Addae Always Thought He’d Return To WVU

Jahmile Addae (center) with his sons Agyeman (left) and Ayden

Addae Always Thought He’d Return To WVU


MORGANTOWN, W.Va.–Some things have changed about Jahmile Addae since he left West Virginia 11 years ago, but many things haven’t.

The most noticeable change – but to him least important – is the pronunciation of his first name.

The former hard-hitting Mountaineer safety (2001-05), who was a team captain his senior season, was known during his WVU days as Ja-Mall, but that was a mispronunciation. A college kid just feeling his way, Addae didn’t bother to correct those who made the mistake when he first arrived at West Virginia.

Upon his return now to serve as the Mountaineers’ defensive secondary coach, though, his wife Maryann suggested he explain the proper way to say his first name, which is Ja-Mile.

That out of the way, he got on to what he said was the truly important part of his return to West Virginia, serving as an assistant coach on Neal Brown’s new football coaching staff.

Jahmile Addae during his playing days at WVU

Now an experienced coach with a slightly different first name, Addae is in many ways the same as was when he was at WVU previously – smart, no-nonsense, straightforward. In all the things that are important, there is no change.

Addae had been an outstanding safety for the Mountaineers, recording 189 tackles and eight interceptions in his career, which spanned five seasons. As a true freshman, he played three games late in the 2001 season to help a WVU secondary decimated by injuries. Then he moved into a starting role in 2002 and was there again in 2003, before a shoulder injury a couple games into that junior season forced him to the sidelines and into a medical redshirt. He returned to the starting lineup in 2004 and started every game over his final two seasons, culminating five tackles in West Virginia’s 2006 Sugar Bowl victory over Georgia.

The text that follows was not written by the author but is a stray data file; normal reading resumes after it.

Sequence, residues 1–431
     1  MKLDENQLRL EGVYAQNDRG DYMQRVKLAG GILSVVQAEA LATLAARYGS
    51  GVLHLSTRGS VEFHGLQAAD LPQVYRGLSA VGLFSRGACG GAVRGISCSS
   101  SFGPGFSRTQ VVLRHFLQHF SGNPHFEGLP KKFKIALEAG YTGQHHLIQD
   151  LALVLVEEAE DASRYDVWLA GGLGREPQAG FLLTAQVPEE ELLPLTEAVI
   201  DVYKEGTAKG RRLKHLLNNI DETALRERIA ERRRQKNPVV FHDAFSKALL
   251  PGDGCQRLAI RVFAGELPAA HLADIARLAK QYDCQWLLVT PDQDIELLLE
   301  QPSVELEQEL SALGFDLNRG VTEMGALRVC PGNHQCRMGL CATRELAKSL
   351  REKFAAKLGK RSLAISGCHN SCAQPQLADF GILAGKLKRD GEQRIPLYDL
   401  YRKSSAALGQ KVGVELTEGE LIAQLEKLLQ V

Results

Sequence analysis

Addae, who went to high school in Valrico, Fla., which is just outside Tampa, wasn’t drafted by an NFL team after his senior season in 2005, but he got a free agency chance with the Indianapolis Colts. A medical exam revealed a heart condition, though, that ended his playing days.

Still wanting to be involved with football, Jahmile started on the next logical path, coaching.

He returned to WVU, starting on the ground floor as a graduate assistant in the video department in 2007. West Virginia head coach Rich Rodriguez left for Michigan at the end of that regular season, and he offered Addae a graduate assistantship with the Wolverines, where he spent two years. That led to his first full-time coaching job in 2010, working with the running backs at Cincinnati for former WVU assistant Butch Jones. He rejoined Rodriguez in Arizona in 2013, initially as a defensive analyst but then as the Wildcats’ defensive backs’ coach. He moved to Minnesota in 2018, again coaching DBs, before heeding Brown’s call to return to WVU.

“It was tough,” Addae said of leaving Minnesota. “Any time you leave a situation where you put a lot of time, effort, blood, sweat and tears into kids, schemes, the community, any of those things. A lot of the time people misconstrue a coache’s move as being easy, when a lot of times, it is harder than you think, but maybe it was the best thing for you, your family and your career, and that was the situation here.”

Even though he spent over a decade working elsewhere, returning to West Virginia is something Addae said he always felt was in his destiny.

“I knew I would come back here,” he stated. “They say there is power in the tongue, and you have to speak it into existence. For me, I knew it was a dream of mine to come back home and coach ball. This isn’t a job for me. It is a brotherhood. It’s a fraternity. It’s family. I know that is somewhat cliché in our profession, but obviously for me, it is a personal deal.”

Since leaving WVU after the 2007 season, Addae has climbed the coaching ladder and learned a lot along the way.

“I like to say that football, especially coaching, is a copycat profession,” he explained. “If something works, you are going to take it and use it. I like to think that I kind of grabbed a lot of good things from some folks and left aside what I didn’t think was pertinent or important necessarily to my position in bettering my guys.”

 

 

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